Teaching at the beginning of the new millennium implies understanding and accepting the major shifts that have taken place within the traditional liberal arts disciplines in relation to the complex needs of today's variegated life in society; this process requires educators to redefine the relevance of specific disciplines for the multilayered world beyond the ivory tower. I have adopted the challenge raised by the International Conference on the Humanities in Southern Africa (June 2008): the challenge of deepening conversations "across academic disciplines ... for the betterment of the multicultural, multilingual world in which we live". Based on such a social and practical mission, we are all faced with major challenges concerning the appropriateness of the curricular design so as to bring skills to the values of a society struggling towards a just order.
As a scholar of English Studies (who for more than two decades has had strong links with its cognate, Media and Cultural Studies), I identified what to me seemed a missing area in both disciplines: an area that could broaden the scope of both disciplines regarding students' responsible participation in a diverse, multilingual and multicultural society such as South Africa. I envisaged a study track that could apply the rhetorical, literary and analytical considerations of both disciplines to students' working-world imperatives. At the same time, and without diminishing the integrity of any disciplinary object of study, I wished to forge links across languages and cultures in the contemporary scene. (I shall comment on the specific study track--as offered at UKZN--in the second part of my article.)
When I arrived in South Africa from Europe in 1991, key issues struck me: in a society of many languages, South Africa at the level of tertiary education was/is not a country of multilingual fluency. Neither was it a country--again, I confine my observations to tertiary-level education--of great intercultural curiosity. The study of English literature and isiZulu literature, for example, had no comparative dimension. In Media Studies, American models of journalism or advertising marginalised the local content and accent. Matters are changing, but slowly: not only because of the history of apartheid, but also--I return to my earlier observation--because of a language situation of "uneasy" communication.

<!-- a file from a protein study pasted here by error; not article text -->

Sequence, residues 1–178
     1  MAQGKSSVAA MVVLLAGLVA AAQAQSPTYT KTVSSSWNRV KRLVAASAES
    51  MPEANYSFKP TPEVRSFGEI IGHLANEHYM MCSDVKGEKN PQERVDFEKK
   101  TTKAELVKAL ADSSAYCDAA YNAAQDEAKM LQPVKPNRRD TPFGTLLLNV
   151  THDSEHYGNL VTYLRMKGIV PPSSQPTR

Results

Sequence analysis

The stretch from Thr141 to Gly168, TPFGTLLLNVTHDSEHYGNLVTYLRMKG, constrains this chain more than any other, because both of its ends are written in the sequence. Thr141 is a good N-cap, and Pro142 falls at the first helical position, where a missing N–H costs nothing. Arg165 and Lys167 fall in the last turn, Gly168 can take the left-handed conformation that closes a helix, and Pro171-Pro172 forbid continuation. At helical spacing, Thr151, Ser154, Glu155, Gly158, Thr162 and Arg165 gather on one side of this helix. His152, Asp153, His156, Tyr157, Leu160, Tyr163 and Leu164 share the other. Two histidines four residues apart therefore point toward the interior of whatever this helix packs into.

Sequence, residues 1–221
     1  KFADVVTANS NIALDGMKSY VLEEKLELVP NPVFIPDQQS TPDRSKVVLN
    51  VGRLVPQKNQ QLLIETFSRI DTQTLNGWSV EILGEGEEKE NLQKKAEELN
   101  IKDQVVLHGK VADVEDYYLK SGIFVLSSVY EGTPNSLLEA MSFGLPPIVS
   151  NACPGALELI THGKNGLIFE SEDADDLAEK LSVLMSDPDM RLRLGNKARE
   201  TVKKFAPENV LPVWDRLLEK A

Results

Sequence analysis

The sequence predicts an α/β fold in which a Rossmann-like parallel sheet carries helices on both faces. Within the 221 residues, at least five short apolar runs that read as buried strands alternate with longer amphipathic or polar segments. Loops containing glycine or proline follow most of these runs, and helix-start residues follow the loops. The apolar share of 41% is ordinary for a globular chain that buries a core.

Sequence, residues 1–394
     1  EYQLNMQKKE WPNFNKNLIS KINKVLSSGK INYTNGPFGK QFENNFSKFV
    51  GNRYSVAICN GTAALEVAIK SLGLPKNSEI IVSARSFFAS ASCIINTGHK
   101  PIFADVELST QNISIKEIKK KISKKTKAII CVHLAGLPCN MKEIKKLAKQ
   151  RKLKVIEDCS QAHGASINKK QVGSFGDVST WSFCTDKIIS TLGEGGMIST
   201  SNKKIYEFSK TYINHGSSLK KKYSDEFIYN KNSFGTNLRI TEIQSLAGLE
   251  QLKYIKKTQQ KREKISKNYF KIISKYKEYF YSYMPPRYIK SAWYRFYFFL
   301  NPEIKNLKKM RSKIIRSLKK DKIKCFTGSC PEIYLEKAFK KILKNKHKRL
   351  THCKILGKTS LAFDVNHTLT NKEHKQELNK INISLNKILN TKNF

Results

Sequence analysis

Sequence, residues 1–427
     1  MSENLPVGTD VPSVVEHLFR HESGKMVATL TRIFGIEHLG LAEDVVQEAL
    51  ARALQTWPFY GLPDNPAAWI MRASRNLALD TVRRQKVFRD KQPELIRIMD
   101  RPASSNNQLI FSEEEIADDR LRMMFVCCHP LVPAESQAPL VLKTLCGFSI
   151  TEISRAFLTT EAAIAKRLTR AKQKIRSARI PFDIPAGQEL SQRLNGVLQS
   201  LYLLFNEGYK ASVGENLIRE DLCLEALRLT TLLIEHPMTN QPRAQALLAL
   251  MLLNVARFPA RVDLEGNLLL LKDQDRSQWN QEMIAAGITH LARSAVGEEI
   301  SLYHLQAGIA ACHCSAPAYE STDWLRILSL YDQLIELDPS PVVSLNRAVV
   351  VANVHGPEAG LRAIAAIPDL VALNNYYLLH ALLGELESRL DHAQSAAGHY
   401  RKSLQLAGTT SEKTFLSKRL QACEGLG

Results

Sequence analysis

It is a situation that has bedevilled the introduction of "European"-style translation courses that expect students to major in two languages (say, English and French/German). In South Africa, attempts to launch translation on the two-language-majoring-student model (say, English and isiZulu/-isiXhosa/Afrikaans) continue to fail tests of student interest or viability. Sadly, very few students pursue such an option. Why not then begin from a local reality in post-1990 South Africa? This involves the position of English as the language of government, commerce and higher education, whether one is easy with it or not. All students learn at least two languages up to matriculation: in most cases, the languages are English and either Afrikaans or one of the larger African languages, e.g. isiZulu, isiXhosa, seSotho. This linguistic fact constitutes a valuable cultural resource, one that nonetheless tends to be forgotten by universities and students alike. Why not make use of such a linguistic resource at tertiary level? Why not raise students' awareness of their embedded (and, therefore, practically available) linguistic capital by integrating it into our offerings? Why not support students to add value to their degrees by becoming more interculturally versatile?
Further questions proceed from the above: How, given such a reality, may one broaden English Studies and Media Studies to engage with a diverse, language-sensitive context? How to point such a project towards appropriate job-related spheres--the communication industry, indeed communication in the workplace, journalism, editing? …